So, one thing I’ve learned and talked about is how chemo and cancer are not a one-size-fits-all experience. There’re different kinds of cancer, different kinds of chemo, and different kinds of people.

The last few days I’ve been dealing with swollen ankles and feet. It’s been annoying. I think it’s because I was horizontal for so long, and taking things slow, and now I feel good and am being more physical, staying on my feet for longer periods of time, sitting upright…so gravity is doing what it does and pulling fluid down to my feet. Once I put my feet up, it dissipates.

Anyway, the swollen ankles have made me think about how I didn’t lose weight with cancer and chemo. I did lose 10 lbs the first week of the first cycle because of the taste/texture issues I was having. Once I took the nausea meds and found ways around those taste/texture issues, I gained that weight right back and didn’t lose anything again. I may have even gained weight, but I’ve only ever been weighed on the doctors’ scales through all this, and I swear those things are on a whole different frequency.

So yeah…I could stand to lose a few pounds, and now that I’m well, I’ll definitely be heading to the gym. But I don’t want to lose too much weight in my mid-section, because they need that fat to refill my chest after the mastectomy! Pretty cool deal. 😉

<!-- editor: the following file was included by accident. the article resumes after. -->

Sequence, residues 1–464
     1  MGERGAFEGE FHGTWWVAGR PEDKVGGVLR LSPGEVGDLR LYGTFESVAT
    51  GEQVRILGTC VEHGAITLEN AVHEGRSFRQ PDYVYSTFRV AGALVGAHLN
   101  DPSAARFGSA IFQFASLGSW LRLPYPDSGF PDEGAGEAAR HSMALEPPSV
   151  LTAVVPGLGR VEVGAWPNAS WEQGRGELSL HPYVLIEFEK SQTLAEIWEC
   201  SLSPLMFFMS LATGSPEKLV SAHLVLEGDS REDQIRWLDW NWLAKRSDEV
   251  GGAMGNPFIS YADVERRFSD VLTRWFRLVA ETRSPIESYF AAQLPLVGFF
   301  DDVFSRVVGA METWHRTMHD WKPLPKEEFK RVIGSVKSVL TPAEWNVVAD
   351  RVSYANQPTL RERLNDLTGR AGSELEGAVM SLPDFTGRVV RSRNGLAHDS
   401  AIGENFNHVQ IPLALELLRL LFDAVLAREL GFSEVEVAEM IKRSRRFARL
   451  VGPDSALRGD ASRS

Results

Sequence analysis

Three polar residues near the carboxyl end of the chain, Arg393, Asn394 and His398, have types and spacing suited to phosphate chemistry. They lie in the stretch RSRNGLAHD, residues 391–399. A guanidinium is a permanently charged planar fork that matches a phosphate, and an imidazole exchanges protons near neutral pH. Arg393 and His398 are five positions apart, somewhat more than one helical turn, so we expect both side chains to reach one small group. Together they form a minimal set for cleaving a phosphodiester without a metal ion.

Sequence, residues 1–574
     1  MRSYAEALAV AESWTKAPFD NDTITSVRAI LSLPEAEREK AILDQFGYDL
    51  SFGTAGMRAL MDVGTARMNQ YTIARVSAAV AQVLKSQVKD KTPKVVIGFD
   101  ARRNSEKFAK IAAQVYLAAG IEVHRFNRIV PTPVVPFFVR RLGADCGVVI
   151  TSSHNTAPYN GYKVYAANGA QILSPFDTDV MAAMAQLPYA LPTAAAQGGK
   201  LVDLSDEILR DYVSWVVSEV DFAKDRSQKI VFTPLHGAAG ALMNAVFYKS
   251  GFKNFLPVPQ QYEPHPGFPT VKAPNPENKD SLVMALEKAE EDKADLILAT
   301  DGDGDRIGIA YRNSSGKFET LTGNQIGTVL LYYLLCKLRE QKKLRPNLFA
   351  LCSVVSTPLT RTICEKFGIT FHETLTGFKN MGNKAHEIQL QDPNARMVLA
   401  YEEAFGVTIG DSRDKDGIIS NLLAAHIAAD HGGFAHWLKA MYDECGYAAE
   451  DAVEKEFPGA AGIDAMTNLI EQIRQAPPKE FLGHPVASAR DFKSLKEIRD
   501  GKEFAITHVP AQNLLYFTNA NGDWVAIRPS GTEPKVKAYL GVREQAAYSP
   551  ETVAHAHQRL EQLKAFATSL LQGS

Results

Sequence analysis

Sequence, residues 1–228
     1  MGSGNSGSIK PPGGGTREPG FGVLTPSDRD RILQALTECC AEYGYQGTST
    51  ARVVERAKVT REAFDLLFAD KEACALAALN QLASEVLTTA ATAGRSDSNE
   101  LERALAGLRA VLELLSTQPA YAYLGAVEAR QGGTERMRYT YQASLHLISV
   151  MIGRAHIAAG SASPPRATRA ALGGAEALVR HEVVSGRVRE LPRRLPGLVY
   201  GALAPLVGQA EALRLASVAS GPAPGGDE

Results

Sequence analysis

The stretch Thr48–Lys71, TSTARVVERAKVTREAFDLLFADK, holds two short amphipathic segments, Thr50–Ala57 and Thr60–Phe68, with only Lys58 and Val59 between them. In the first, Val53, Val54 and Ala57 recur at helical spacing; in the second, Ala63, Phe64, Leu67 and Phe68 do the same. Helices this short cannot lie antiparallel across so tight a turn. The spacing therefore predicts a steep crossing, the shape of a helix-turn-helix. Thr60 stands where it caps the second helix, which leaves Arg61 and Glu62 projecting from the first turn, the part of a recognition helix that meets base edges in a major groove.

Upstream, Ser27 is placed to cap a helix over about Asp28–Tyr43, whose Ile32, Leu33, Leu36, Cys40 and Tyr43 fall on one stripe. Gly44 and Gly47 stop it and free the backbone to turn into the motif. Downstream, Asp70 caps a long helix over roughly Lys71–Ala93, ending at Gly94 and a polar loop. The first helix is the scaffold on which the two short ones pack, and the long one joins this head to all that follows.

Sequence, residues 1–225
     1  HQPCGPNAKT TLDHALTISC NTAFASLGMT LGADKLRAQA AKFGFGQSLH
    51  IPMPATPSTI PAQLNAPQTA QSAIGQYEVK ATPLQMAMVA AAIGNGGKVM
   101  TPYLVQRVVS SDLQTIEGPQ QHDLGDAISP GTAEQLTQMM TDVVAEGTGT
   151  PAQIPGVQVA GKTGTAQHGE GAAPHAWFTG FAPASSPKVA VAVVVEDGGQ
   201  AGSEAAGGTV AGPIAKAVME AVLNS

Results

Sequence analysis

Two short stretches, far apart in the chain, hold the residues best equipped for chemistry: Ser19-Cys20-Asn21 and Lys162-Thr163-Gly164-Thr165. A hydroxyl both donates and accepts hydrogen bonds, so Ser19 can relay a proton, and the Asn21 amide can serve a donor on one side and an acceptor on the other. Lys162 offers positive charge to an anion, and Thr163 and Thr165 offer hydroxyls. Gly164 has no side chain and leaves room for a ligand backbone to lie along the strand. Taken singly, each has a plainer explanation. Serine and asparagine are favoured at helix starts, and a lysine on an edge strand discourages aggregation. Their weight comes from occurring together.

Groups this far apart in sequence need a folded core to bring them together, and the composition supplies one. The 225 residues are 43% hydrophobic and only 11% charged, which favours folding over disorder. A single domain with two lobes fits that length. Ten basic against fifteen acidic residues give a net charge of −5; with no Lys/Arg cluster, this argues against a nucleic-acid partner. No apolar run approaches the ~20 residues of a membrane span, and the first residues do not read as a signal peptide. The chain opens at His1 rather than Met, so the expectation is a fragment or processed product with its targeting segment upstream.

Fun fact: there’s a Billy Joel channel on Sirius XM…30…I’ve often prided myself in being able to name Billy Joel songs within the first few notes. Turns out I can name them before they even get played, too! He was talking about the story behind the song and I guessed the title, and I was right!

This weekend Brad and I trekked to Baltimore, MD for a book signing. I had a great time seeing my sisters and book friends (Hi Jennifer!), making new friends, and going to the movies. We’re actually driving home as we speak. It’ll be nice to be home! I’m sure Daisy missed us (not!).

That’s all for now!!

What’s New?

Not much going on here, but a lot going on at the same time…if that makes sense.

As far as this cycle goes, it’s been about the same as the last. Maybe, dare I say it, easier. I’m either use to this crap, or the still reduced dosage of Taxotere is making my life easier. Hot flashes, diarrhea, head fog, fatigue, etc.